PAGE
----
The Diving Bell And The Butterfly

Coolidge Corner Theatre Brookline, MA


Dr. Frank Guenther

Professor of Speech, Language & Hearing Sciences, Boston University

The Diving Bell and the Butterfly— The Development of Brain-Machine Interfaces

A discussion of the development of brain-machine interfaces regarding Locked-In Syndrome.

Coolidge Corner Theatre Brookline, MA

Film Synopsis

The true story of Elle editor Jean-Dominique Bauby who suffers a stroke and has to live with an almost totally paralyzed body; only his left eye isn't paralyzed.

Jean-Dominique Bauby (Mathieu Amalric), editor-in-chief of French fashion magazine Elle, has a devastating stroke at age 43. The damage to his brain stem results in locked-in syndrome, with which he is almost completely paralyzed and only able to communicate by blinking an eye. Bauby painstakingly dictates his memoir via the only means of expression left to him. Though trapped in his body, Bauby is still able to escape his "diving bell" by letting his imagination take flight like a butterfly. Artist and filmmaker Julian Schnabel won the Best Director award at the 2007 Cannes Film Festival for this fiercely beautiful, quietly moving adaptation of Jean-Dominique Bauby's remarkable memoir.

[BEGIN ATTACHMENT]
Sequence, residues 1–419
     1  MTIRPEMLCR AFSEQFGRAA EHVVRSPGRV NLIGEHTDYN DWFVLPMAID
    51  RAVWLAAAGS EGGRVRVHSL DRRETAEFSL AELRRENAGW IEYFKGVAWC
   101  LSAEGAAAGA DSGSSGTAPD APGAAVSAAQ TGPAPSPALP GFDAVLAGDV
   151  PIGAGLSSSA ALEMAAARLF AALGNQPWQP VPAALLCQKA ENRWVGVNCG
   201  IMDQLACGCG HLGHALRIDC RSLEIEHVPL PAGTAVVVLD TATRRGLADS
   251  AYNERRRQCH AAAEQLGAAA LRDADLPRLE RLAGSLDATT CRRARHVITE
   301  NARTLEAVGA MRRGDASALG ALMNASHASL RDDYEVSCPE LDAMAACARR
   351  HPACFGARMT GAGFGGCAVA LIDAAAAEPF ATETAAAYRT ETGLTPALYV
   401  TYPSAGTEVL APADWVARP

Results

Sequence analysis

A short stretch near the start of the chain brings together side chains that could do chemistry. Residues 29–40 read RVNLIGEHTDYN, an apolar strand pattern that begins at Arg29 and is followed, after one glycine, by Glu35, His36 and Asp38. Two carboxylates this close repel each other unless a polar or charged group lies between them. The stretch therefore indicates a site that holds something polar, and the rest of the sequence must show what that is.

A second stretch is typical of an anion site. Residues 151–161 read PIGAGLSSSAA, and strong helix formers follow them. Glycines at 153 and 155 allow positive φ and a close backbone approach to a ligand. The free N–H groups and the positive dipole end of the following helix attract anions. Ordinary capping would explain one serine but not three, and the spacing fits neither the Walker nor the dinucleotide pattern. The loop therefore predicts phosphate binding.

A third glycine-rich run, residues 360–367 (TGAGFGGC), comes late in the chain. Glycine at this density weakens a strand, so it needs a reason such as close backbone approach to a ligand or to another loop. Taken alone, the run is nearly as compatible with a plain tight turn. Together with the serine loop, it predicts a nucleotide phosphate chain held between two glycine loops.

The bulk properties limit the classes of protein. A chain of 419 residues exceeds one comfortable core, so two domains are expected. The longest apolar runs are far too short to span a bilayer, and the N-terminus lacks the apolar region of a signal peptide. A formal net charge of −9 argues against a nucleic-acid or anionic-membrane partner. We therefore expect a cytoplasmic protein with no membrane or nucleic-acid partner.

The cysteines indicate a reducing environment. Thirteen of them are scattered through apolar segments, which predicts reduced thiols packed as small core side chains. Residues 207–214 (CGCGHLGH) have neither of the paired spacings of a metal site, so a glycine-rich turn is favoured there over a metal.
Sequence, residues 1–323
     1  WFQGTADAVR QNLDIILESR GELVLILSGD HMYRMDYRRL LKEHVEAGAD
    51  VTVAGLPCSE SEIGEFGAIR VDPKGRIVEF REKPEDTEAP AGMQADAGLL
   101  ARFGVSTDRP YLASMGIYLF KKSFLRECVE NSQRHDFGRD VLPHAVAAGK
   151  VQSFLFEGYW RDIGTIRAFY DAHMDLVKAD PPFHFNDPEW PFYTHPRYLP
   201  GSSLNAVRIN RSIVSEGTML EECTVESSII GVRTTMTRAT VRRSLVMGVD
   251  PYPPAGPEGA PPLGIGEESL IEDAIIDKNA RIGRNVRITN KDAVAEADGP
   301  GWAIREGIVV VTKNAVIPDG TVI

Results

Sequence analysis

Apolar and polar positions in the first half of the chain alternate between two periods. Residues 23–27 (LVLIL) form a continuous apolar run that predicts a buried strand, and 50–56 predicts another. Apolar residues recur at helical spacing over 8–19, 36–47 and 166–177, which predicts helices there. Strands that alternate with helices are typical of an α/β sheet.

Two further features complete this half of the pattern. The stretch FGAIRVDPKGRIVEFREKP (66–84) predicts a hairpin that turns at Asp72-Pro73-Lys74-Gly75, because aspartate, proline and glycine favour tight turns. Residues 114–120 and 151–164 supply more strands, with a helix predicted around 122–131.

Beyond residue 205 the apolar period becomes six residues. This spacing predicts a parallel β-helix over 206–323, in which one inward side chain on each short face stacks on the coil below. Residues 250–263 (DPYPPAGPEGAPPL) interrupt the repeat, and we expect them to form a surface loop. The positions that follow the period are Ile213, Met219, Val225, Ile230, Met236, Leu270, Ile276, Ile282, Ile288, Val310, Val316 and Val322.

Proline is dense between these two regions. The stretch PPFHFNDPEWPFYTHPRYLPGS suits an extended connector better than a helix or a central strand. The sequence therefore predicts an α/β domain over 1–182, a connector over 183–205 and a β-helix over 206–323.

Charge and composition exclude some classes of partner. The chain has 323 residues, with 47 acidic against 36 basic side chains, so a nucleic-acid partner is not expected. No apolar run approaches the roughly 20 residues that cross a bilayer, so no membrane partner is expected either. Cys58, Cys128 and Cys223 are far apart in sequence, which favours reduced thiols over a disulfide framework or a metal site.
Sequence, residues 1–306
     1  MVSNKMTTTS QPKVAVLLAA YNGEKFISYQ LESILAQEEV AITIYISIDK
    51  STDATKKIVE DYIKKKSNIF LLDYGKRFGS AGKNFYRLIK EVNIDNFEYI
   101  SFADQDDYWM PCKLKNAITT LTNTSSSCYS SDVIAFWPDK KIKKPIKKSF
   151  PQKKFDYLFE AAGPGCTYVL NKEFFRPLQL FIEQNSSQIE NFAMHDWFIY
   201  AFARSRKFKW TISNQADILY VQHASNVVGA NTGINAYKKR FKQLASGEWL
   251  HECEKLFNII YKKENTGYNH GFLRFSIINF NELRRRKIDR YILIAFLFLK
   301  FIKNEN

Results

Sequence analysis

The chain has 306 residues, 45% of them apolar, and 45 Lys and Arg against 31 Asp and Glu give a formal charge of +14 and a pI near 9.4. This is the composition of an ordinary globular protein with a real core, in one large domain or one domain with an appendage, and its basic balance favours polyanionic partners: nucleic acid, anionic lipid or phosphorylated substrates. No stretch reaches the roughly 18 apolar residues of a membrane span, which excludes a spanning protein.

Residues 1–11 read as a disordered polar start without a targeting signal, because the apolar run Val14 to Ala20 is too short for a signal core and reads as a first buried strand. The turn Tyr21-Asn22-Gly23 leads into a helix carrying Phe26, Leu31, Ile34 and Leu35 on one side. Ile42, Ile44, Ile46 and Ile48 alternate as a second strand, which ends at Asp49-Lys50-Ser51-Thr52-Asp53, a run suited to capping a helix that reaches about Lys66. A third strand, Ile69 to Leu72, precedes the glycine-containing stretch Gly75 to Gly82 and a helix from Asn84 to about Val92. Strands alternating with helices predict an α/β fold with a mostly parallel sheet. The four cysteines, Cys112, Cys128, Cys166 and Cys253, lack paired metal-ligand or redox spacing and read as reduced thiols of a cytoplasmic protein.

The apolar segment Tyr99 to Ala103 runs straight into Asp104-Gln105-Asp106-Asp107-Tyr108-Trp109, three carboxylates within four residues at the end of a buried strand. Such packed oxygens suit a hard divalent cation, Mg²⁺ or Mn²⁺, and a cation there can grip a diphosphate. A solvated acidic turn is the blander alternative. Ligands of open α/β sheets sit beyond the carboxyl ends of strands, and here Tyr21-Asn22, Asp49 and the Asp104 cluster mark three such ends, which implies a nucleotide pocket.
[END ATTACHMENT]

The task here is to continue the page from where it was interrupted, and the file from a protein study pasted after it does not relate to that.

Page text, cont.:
About the Speaker

Dr. Frank Guenther is a professor of speech, language, and hearing sciences at Boston University. Dr. Guenther uses brain imaging and computational modeling to represent the brain networks involved in speech, and develops brain-machine interfaces (BMIs) that can restore speech and other capabilities to patients with locked-in syndrome. BMIs have produced astonishing laboratory demonstrations of locked-in patients controlling computers, speech synthesizers, and robotic arms using only their thoughts. Clinical trials are ongoing for several BMIs, promising a much more normal life for those with locked-in syndrome as these devices become widely available.